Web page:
The Federal Trade Commission today announced the tenth session of its Hearings Initiative. The session, focused on competition and consumer protection issues in broadband markets, will take place on January 16, 2019, at the FTC’s Constitution Center Auditorium.
The hearing will examine developments in U.S. broadband markets, technology, and law since the FTC staff’s 2007 Broadband Connectivity Competition Policy report and the FTC staff’s 1996 Competition Policy in the New High-Tech, Global Marketplace report. Participants in the hearing will discuss: (i) the evolution of broadband networking and broadband markets since the 2007 Broadband Report; (ii) the identification and evaluation of advertising claims by internet service providers with respect to the delivery speed of content; and (iii) the identification and evaluation of conduct by broadband market participants that may be exclusionary or anticompetitive. The Commission will release a detailed agenda in January 2019.
The Commission invites public comment on these issues, including the questions listed below. Comments can be submitted online no later than 11:59 pm EDT, March 15, 2019.
- The FTC’s 2007 Broadband Report provided a technical background of broadband market issues relevant at that time. How should the Commission evaluate broadband technology issues now? Which technological developments are important for understanding the competitiveness of the industry? How would future technological developments likely to occur in the near future impact the competitiveness of broadband markets, or otherwise affect consumer interests?
- How should the Commission define relevant markets in this industry? How should the Commission identify and measure market power of content providers, content delivery networks, internet transit providers, internet service providers, and other relevant market actors?
- How should the Commission identify and evaluate conduct in this industry that may be exclusionary or anticompetitive, including but not limited to discounting and preferential pricing, contracts and agreements between firms in vertical relationships, and conduct that may undermine or discriminate against rivals? Under what conditions does such conduct harm consumers? Under what conditions is conduct that may exclude or discriminate against rivals also associated with short-run or long-run efficiencies or consumer benefits?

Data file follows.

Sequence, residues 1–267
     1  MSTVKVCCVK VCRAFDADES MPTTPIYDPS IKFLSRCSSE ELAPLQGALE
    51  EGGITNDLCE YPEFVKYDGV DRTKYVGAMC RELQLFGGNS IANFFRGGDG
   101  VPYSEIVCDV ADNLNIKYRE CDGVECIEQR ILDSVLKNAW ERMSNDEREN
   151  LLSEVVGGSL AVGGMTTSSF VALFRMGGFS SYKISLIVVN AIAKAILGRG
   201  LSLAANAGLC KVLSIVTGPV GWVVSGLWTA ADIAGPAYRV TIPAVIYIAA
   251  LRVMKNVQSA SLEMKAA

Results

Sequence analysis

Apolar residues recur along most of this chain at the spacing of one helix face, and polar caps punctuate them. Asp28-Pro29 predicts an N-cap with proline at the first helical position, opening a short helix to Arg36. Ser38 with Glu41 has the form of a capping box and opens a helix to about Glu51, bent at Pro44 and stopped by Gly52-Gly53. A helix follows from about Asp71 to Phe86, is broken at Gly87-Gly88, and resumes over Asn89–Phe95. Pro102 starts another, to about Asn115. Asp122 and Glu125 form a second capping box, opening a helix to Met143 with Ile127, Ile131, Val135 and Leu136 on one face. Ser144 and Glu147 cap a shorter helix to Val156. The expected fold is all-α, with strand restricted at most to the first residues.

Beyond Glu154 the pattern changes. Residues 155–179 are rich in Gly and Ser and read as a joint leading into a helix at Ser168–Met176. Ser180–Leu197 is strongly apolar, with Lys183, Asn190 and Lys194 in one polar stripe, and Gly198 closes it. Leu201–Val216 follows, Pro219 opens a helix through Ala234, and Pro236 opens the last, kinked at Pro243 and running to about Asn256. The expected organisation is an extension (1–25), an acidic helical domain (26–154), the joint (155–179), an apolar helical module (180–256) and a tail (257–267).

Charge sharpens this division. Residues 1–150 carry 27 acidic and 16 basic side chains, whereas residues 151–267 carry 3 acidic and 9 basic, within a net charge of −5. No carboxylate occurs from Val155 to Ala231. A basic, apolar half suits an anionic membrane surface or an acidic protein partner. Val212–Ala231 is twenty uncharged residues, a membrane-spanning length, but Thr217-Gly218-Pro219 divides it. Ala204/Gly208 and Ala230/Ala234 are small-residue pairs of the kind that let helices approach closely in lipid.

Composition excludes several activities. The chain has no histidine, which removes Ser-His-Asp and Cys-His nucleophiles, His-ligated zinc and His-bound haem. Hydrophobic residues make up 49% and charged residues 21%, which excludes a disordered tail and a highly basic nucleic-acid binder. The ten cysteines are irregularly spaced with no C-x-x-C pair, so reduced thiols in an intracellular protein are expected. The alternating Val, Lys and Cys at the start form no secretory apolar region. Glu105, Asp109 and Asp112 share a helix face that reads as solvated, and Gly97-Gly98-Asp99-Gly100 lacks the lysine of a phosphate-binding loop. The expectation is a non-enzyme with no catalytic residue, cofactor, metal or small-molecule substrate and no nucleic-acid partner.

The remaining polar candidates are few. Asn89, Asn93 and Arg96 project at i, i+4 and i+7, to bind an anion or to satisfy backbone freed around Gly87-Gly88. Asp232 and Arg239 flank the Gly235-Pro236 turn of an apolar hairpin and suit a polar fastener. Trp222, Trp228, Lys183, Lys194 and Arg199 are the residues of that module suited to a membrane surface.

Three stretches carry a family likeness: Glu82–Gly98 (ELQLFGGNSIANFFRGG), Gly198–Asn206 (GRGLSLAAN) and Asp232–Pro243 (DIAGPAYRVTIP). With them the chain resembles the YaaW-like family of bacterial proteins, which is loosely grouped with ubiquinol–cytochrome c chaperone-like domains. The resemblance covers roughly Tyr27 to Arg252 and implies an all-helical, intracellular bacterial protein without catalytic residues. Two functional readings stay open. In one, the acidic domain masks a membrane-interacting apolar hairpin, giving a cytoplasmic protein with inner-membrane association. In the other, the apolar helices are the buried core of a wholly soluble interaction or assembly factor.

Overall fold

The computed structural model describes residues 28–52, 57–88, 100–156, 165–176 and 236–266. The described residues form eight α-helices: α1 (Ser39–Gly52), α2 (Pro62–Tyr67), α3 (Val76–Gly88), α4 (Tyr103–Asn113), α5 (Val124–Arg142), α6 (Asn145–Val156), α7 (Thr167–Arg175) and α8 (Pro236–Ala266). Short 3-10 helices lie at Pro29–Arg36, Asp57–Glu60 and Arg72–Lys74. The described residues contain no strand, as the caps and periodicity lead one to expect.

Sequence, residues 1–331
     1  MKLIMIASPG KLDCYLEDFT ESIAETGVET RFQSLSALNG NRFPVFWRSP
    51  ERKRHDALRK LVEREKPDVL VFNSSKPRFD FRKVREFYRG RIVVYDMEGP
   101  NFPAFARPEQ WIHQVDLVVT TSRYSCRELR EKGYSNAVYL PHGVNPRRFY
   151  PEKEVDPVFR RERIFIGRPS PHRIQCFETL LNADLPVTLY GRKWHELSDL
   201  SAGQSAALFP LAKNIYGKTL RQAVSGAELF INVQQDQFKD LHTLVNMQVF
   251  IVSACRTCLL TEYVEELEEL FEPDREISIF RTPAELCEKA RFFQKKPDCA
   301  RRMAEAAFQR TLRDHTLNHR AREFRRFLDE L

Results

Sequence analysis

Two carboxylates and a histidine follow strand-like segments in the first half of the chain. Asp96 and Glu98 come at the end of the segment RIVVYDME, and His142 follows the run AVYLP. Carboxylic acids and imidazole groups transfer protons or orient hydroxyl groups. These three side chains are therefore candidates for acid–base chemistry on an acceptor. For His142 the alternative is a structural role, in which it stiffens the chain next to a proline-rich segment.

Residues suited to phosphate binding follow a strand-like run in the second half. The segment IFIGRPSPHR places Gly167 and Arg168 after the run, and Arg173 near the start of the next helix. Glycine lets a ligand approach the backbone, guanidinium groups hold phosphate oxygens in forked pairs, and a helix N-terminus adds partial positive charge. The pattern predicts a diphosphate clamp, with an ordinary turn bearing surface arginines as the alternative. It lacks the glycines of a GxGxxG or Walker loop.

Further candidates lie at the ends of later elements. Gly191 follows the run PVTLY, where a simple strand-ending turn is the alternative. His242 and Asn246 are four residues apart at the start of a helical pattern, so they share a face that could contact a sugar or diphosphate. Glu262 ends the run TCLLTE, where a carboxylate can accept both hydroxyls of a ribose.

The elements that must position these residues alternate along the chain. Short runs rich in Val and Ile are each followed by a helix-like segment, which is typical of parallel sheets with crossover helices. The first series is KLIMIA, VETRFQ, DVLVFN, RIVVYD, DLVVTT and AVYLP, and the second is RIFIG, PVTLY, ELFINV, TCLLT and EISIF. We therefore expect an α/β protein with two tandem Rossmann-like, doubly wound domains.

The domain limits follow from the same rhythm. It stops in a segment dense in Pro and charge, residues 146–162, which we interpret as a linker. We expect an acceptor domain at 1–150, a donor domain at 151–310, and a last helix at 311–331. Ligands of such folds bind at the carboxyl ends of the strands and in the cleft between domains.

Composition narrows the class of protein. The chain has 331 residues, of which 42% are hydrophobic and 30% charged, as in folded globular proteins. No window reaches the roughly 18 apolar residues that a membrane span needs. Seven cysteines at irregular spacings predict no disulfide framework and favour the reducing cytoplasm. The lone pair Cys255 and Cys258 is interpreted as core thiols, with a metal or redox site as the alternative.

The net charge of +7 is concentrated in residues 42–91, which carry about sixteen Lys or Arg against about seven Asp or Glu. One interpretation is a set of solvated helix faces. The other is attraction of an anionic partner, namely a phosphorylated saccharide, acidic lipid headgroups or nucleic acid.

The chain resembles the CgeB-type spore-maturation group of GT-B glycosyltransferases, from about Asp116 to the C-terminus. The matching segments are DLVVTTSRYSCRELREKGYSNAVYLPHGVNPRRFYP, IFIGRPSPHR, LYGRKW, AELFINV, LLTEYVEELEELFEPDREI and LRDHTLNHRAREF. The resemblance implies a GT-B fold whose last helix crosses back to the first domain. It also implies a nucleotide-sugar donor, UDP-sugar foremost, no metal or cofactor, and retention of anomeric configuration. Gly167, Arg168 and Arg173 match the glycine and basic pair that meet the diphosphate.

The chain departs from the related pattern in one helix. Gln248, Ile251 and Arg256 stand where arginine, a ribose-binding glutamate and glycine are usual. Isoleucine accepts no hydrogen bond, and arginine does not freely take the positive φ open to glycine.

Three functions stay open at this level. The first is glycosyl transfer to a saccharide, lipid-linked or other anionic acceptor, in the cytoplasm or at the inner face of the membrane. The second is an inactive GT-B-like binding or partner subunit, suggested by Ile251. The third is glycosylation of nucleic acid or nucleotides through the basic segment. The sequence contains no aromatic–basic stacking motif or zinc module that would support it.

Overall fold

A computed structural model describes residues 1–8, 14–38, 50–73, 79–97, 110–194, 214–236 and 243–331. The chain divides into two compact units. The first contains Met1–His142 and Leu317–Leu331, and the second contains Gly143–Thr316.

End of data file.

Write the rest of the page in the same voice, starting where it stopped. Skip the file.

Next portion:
- Do existing local, state or federal regulations affect different market participants in ways that limit competition and innovation?
- What are the existing standards, if any, regarding how actual internet speeds correspond to advertised internet speeds? Are such standards relevant to an FTC analysis under Section 5?
- What tools, platforms, and research are used to measure the speed of broadband and related services? Are they adequate for the FTC’s analysis of speed claims? If not, what additional resources are needed? Do competitors rely on data from these sources in challenging each other’s speed claims?
- How can consumers or other stakeholders determine whether actual internet speeds match advertised speeds?
- Do existing methods of advertising internet speed adequately inform consumers about their choices for broadband and telecommunications services?
Additional sessions of the FTC’s Hearings Initiative will be held in the first quarter of 2019. One additional hearing has been announced:
February 12-13, 2018
FTC Constitution Center Auditorium
The FTC Hearings on Competition and Consumer Protection in the 21st Century will accommodate as many attendees as possible; however, admittance will be limited to seating availability. Reasonable accommodations for people with disabilities are available upon request. Request for accommodations should be submitted to Elizabeth Kraszewski via email at firstname.lastname@example.org or by phone at (202) 326-3087. Such requests should include a detailed description of the accommodation needed. Please allow at least five days advance notice for accommodation requests; last minute requests will be accepted but may not be possible to accommodate.
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